The Ability to Scale

Compared to a traditional restaurant setting, food trucks and food trailers give you a wide amount of freedom in terms of menu items, scheduling, hours of operation, environment, and a host of other operational details. Hate early mornings? Skip the breakfast diners and specialize in the after-bar crowd. Long to work in other environments? License your business in two states and move according to the seasons. Want to completely start over with a new brand? It’s much easier to revamp a small menu and give your truck a new wrap than it is to redo a brick and mortar restaurant with extensive menu offerings. While owning a food truck or food trailer is a large commitment, it’s one that allows you to explore different business options much more easily than a traditional restaurant business does.

Disadvantages of Starting a Food Truck Business

Heavy Competition in Some Areas

In some cities, food trucks may be so trendy that they’re overcrowded in the choicest places. Some festivals and gatherings may be booking food trucks long in advance, and you might have a hard time getting a solid spot without some serious long-term planning. Food trucks are more popular in some states than in others, so serious research is in order before you decide where you want to place your truck. It might simply be a matter of moving a couple of towns or one county over before discovering a lucrative new audience for your business.

Too Many Legal Restrictions

Almost every city, town, county, and state have their own rules and regulations about food trucks and food trailers. If you want to set up your business on multiple spots, you’ll need to get a license for every city you plan to do business in. In some locales, the parking restrictions for food trucks can make it difficult for you to set up where you’ll get the most business. These are some of the special legal restrictions you need to consider, on top of the same food safety requirements, business tax laws and hiring regulations that every restaurant has to consider.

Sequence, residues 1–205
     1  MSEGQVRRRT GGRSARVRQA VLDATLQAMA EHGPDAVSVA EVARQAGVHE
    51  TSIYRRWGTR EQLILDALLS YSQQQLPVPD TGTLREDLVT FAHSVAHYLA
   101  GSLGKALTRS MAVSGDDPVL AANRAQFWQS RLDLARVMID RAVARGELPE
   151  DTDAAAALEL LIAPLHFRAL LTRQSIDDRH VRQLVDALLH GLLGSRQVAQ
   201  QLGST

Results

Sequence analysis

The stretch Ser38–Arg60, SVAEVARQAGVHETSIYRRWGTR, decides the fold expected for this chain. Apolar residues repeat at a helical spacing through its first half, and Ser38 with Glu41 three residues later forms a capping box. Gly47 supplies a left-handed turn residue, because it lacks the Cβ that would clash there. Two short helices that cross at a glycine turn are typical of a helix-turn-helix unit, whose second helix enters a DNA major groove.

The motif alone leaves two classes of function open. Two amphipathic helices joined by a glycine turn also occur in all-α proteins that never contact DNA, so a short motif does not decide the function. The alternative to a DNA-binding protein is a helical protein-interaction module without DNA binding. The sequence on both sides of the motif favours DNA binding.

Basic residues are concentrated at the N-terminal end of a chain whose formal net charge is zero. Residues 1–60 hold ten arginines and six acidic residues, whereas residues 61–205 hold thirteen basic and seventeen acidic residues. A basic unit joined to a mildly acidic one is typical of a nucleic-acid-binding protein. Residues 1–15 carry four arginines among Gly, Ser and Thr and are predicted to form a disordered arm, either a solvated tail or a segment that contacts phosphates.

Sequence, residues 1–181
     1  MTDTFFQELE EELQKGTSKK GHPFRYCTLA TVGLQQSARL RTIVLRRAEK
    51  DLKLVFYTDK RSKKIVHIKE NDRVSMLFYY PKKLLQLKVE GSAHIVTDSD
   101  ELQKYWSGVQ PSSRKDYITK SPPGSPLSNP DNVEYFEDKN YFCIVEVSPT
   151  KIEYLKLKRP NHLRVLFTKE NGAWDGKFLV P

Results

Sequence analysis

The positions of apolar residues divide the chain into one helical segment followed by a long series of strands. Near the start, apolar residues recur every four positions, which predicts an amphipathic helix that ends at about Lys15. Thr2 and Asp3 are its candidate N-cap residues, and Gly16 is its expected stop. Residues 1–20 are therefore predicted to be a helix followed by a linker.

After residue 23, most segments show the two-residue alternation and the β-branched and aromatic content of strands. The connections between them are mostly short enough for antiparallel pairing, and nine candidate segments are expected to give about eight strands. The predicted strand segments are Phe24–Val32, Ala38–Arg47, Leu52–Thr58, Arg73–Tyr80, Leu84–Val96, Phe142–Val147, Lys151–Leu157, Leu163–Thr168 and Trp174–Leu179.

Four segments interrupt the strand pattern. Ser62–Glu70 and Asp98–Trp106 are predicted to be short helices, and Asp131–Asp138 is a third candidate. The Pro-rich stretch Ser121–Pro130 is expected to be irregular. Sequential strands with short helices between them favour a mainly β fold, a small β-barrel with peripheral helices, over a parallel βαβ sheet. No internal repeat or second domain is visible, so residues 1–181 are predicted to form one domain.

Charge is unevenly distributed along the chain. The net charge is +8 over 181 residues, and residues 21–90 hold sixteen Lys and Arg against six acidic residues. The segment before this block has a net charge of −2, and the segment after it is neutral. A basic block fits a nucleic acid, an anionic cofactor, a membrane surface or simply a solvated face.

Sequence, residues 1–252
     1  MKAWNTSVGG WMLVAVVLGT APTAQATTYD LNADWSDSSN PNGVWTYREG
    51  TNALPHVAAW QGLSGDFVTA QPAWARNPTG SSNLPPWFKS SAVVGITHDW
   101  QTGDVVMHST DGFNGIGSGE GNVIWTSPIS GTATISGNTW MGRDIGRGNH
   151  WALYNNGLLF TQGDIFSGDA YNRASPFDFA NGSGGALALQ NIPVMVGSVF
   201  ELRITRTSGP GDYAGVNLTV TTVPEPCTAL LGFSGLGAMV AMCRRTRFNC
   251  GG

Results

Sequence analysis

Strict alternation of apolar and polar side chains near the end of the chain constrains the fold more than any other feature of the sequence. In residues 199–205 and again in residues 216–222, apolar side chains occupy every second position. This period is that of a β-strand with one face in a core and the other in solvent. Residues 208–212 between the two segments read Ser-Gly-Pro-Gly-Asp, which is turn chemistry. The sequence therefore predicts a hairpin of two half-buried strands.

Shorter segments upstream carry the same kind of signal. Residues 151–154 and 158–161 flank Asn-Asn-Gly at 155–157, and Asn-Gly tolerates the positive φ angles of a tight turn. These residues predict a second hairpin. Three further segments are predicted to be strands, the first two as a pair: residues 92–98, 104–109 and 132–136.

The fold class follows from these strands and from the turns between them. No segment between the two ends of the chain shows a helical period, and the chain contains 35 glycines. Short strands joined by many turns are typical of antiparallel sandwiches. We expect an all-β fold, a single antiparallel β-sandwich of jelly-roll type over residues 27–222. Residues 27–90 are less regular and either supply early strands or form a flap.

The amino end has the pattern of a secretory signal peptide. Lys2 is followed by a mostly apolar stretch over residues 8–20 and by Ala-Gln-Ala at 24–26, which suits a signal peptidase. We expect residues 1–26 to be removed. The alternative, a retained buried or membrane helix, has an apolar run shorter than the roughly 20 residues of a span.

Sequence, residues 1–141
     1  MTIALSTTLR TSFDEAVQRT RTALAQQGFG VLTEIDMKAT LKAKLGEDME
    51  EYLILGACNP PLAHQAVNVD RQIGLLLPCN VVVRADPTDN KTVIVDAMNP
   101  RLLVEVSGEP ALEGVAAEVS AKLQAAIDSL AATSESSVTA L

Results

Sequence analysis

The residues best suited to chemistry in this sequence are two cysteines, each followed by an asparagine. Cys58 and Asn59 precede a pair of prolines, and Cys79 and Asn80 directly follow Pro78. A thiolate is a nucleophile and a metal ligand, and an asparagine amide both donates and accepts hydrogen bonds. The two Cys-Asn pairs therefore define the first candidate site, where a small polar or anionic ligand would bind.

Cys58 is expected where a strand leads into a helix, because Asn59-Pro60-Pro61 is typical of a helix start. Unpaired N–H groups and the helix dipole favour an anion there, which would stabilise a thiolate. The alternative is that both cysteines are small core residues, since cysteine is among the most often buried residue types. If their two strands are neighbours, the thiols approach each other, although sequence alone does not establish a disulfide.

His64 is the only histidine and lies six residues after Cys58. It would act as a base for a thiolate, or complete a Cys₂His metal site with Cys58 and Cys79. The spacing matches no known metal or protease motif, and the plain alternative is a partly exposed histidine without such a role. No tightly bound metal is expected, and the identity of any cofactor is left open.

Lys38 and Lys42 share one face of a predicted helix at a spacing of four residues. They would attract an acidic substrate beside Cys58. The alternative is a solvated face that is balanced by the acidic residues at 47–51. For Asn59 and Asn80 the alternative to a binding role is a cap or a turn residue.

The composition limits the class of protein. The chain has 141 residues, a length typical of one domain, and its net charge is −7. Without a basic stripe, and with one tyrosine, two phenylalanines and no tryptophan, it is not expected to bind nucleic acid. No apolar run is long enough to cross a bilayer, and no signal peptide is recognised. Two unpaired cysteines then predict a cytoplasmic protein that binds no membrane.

Mother Nature

Every business has to deal with the weather to a greater or lesser extent, but food trucks and food trailers feel it stronger than just about any other industry. Your food truck festival can get rained out, causing thousands of customers to stay home. Massive amounts of snow piling up will prevent most office workers from leaving their offices to reach you for their take-out lunch boxes. Depending on where you live and work, your business might be in danger from tornadoes, hurricanes, earthquakes, tropical storms, electrical blackouts, and massive heat waves. All of these extreme weather conditions can impact your business and cause you to scramble for alternate selling venues.

Food Pricing Limits

While the food truck business in becoming more high end, customers still expect affordable meals compared to some sit-down restaurants. With menu prices being pegged at a lower rate, you’ll have to get creative with your grocery sourcing in order to increase your profit margins. This is slowly changing, as the upscale food truck is becoming more popular in larger urban and tourist areas, but profitable high end gourmet food trucks are still a rare commodity.

Long Working Hours

Every restaurant owner puts in incredibly long hours, but none more so than the successful food truck or food trailer owner. Your main business may be during office hours during the week, but in order to turn a decent profit you’ll probably have to work nights and most weekends. Between food festivals and catering gigs you’ll have little time for vacations or even long weekends.

The Bottom Line

If you’ve ever dreamed of owning a restaurant, having a food truck or food trailer can be a fun alternative, and sometimes even better than a brick and mortar shop. Like with every beginning business, the more time and work you put into research and preparation, the better chance you’ll have at being a success. Every disadvantage can be turned around into a plus with the right amount of creative energy and intelligent problem solving. Expect to invest a lot of time, energy, and funds at the startup stage; it’s a demanding business and one that will become a huge part of your life from the very beginning. But for those who love the food business and crave the ability to truly share their creative genius with customers and fans, there’s no better way to invest in their future.